- Can create logos that are more unique and memorable
- Will modify the fonts used 90% of the time to make your text distinctive
- Usually provide additional deliverables such as:
- High End Logo Designers:
- Prices range from $5000 to $15,000
- Like all specialties, Logo Designers command higher prices because they are more talented, have more experience, have more extensive portfolios, have won design awards or other recognition, or work with a more upscale clientele
- Firms and Logo Design Agencies:
- Prices range from $15,000 up to $250,000 or more
- Normally work with largest Corporations, Fortune 100/500
- Prices they can command are based on experience, industry recognition and current client list
Before you hire a logo designer:
- Know what you need based on the above information
- Review portfolios and ensure their designs match the type and style you desire for your own logo
- Ask specifically what items you will receive in which file types. Vector designs are preferred over only Rastor file types. (If you do not have an in-house graphics department be sure to request additional file types you can open on your PC.) Ask which file types are included and which incur extra charges
- Determine how many concepts and revisions you need. The more of each the higher the cost will be. Too few and you may not be satisfied with the results. Too many and the cost can be higher than necessary. Consider asking if you can pay for a smaller number and then pay extra for additional concepts or revisions. It is only fair that your designer be compensated for any additional work required.
- Read online testimonials or reviews regarding not only their design skills but also how they communicate, their work processes, and whether they complete projects in a timely manner.
- Remember to ask if there will be an additional charge for other file types.
- You will need a matching Avatar (for Social Networking) and Favicon. Ask if they are included or how much additional they will cost.
- Plan to really spend some time and invest thought into answering the questions during the interview process. The more specific your answers the better your results would be. I was very impressed with the 1981 Logo Design Questionnaire for gathering my input on the new logo for GrowMap. By the time I had finished it I had a much sharper idea of what logo designs I preferred and which I did not care for – and more importantly so did he.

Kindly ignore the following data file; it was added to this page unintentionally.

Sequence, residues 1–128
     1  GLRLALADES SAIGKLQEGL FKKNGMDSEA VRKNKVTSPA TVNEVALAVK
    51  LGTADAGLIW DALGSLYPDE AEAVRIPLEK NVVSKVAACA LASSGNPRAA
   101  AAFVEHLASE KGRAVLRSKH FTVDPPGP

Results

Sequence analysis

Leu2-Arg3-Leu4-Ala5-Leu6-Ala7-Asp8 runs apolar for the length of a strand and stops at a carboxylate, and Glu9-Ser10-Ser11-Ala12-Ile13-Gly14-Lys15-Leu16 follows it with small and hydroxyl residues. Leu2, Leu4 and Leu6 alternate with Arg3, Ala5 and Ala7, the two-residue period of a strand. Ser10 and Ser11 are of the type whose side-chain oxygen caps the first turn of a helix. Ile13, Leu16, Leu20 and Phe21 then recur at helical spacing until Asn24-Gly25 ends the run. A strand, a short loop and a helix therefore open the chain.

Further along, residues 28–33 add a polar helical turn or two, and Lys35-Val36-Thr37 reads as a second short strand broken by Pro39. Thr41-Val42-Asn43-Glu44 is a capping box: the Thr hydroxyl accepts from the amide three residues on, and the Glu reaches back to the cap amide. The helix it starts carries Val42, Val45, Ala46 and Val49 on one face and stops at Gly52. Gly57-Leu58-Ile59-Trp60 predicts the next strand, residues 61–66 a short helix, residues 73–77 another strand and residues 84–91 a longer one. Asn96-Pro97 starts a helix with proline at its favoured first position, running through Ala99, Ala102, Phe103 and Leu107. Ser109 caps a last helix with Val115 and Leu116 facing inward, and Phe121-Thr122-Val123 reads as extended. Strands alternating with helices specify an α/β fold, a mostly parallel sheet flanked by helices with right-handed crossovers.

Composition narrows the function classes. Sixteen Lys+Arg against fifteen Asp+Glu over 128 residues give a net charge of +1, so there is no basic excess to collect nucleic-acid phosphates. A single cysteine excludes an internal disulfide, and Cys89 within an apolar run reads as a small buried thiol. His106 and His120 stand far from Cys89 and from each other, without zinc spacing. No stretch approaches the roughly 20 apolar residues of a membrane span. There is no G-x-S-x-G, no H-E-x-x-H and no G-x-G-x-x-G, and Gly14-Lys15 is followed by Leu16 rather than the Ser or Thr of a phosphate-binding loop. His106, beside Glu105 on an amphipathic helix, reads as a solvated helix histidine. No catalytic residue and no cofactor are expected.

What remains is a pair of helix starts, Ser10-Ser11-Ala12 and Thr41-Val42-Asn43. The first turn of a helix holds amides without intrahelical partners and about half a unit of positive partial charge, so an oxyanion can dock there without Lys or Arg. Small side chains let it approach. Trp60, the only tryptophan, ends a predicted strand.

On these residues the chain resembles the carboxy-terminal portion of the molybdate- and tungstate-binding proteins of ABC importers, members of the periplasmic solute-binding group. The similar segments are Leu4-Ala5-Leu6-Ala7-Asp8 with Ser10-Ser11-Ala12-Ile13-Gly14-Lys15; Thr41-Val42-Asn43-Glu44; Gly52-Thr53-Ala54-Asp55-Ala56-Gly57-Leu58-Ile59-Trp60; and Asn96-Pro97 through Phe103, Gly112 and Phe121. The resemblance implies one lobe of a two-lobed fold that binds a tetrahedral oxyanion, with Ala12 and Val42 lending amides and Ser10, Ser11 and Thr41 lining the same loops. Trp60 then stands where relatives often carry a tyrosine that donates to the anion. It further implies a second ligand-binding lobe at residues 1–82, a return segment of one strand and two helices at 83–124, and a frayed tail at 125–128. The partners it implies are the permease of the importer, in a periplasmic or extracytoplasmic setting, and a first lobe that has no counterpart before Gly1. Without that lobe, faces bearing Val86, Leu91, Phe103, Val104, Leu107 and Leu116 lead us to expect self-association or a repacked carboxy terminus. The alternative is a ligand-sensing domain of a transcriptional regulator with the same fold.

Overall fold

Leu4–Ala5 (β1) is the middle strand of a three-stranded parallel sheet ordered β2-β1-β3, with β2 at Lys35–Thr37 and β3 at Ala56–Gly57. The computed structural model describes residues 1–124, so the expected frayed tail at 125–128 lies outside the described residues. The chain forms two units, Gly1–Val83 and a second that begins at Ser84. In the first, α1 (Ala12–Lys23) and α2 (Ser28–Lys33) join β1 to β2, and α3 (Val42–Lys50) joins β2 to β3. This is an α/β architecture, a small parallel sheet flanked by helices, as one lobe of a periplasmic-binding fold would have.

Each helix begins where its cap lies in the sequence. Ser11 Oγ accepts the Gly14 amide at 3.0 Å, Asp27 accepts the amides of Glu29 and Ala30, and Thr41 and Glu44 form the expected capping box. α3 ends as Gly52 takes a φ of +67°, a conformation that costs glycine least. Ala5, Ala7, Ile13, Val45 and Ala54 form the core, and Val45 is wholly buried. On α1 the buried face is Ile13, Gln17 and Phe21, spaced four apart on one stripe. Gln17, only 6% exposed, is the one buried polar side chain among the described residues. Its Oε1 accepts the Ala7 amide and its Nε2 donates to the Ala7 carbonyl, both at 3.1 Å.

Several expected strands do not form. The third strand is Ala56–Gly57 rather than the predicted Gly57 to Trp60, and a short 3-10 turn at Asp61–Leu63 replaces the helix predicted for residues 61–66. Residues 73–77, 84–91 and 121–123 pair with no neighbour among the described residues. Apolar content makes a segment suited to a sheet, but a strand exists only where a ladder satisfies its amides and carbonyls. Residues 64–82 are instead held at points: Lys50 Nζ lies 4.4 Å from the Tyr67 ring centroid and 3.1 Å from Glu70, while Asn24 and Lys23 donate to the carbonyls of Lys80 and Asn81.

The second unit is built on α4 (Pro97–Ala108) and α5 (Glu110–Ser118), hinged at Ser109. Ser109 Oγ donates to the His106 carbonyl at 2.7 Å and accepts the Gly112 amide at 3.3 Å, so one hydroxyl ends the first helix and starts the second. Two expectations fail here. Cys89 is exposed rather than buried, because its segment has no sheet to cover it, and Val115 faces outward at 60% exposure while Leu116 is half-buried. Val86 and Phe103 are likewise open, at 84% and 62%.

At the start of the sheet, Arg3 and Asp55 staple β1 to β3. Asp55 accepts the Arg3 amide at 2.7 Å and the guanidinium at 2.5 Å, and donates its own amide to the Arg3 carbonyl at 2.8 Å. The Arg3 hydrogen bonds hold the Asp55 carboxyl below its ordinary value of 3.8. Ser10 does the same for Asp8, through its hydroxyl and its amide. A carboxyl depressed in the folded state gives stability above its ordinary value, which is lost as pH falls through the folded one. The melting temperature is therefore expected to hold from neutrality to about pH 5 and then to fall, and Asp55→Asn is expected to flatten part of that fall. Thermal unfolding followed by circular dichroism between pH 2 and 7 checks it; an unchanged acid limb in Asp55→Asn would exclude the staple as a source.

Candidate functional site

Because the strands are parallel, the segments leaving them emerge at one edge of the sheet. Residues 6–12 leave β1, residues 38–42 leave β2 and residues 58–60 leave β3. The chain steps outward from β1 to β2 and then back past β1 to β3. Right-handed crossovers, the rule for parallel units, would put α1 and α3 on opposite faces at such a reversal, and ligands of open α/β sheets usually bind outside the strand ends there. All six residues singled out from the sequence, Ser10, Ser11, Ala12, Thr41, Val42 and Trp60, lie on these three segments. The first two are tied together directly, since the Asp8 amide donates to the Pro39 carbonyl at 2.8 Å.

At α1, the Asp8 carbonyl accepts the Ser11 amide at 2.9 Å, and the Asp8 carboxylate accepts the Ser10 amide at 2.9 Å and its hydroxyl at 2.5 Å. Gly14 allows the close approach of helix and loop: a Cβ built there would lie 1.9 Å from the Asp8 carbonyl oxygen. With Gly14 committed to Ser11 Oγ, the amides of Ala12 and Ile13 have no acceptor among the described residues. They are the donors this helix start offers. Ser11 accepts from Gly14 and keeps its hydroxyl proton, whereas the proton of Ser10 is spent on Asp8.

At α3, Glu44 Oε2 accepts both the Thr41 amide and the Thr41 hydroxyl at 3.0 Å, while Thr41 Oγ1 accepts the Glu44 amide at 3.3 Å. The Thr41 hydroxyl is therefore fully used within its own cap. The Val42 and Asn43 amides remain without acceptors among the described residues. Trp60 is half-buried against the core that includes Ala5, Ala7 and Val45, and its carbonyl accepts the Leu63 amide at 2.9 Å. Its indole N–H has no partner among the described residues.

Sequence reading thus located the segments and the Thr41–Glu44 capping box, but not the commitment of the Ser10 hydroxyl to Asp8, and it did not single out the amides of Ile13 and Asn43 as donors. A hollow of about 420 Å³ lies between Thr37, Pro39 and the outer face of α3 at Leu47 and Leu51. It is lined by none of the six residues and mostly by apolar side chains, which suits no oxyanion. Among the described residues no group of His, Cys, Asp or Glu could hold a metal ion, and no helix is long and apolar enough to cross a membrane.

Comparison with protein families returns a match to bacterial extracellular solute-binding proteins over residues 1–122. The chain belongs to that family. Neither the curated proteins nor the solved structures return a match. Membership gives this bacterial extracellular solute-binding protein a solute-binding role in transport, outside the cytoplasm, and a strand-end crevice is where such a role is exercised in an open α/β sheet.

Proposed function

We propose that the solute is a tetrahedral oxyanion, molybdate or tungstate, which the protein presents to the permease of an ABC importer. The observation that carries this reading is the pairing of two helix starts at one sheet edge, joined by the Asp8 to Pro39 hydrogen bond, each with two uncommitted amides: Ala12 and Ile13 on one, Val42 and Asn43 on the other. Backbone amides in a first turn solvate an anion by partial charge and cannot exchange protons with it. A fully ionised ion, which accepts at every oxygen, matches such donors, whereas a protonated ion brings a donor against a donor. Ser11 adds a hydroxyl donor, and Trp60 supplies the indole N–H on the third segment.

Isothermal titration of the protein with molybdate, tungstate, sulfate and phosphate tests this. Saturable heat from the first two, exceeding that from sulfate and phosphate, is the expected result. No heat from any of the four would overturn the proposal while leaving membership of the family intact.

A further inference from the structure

- You can get a good idea about what various Logo Designers are charging by reading through some of the comments in How Much Does Logo Design Cost. Get another take on what I have shared above reading How Much is a Great Logo Worth?
Now that you know what to ask you can move on to How to Choose a Logo Designer. When I began researching Logo Design I wrote Freelancer Challenges – Logo Graphic Designers. That post lead to several logo designers providing me with answers to my many questions – especially Joshua Geiger, the designer behind NineteenEightyOne.
Anyone who reads me knows how many questions I have about the what and why. Until I thoroughly understand a subject I can not clearly explain it equally well to those who have no background in the subjects involved, in this case graphics, file types, color codes, scalability and so on. A major reason for consultant dissatisfaction is this disparity of knowledge.
A small business owner who barely uses computers has different questions than a Corporate client with a Graphic Design department. Logo Designers who regularly deal with a certain type of client will not provide the information required by others with different skills. Some already know what scalable (looks good no matter how small or large), vectorized (doesn’t look grainy) or CMYK (type of color codes used for printing) or .ai (Adobe Illustrator file format) refers to and the others don’t.
Joshua has done something that high end designers do and that all Logo Designers should seriously consider. He has provided his Logo Designer process online for us so we know exactly what to expect when working with him. Notice the detail he provides:
- how long each step will take
- what the process includes (research, support)
- confirmation that no clipart is used
- exactly what files are included
- how many concepts and revisions are included
- links to the questionnaire and payment method
- contact information
What you can not tell by reading his site is the exceptional communication skills Joshua has. While creating the new GrowMap logo I knew exactly where we were in the process, what he needed from me, and what he was providing. This may be a larger area of concern in logo design than you might think.
Some designers are intensely creative and visual and are not nearly as comfortable or talented at writing, communicating, time management and running a business. If you visit many design sites you’ll notice that some have almost no text on them. Some designers have commented that they would not read long posts or could not understand my previous post on Freelancing Logo Designers. That is unfortunate as they won’t be benefiting from what I relate here.
Clearly, Joshua was an excellent fit for me to work with because he was willing to answer all of my questions and understood that my intention was not only to take GrowMap to the next level with a professionally designed logo; it was also to help my readers know precisely how to select a designer that best fits their needs.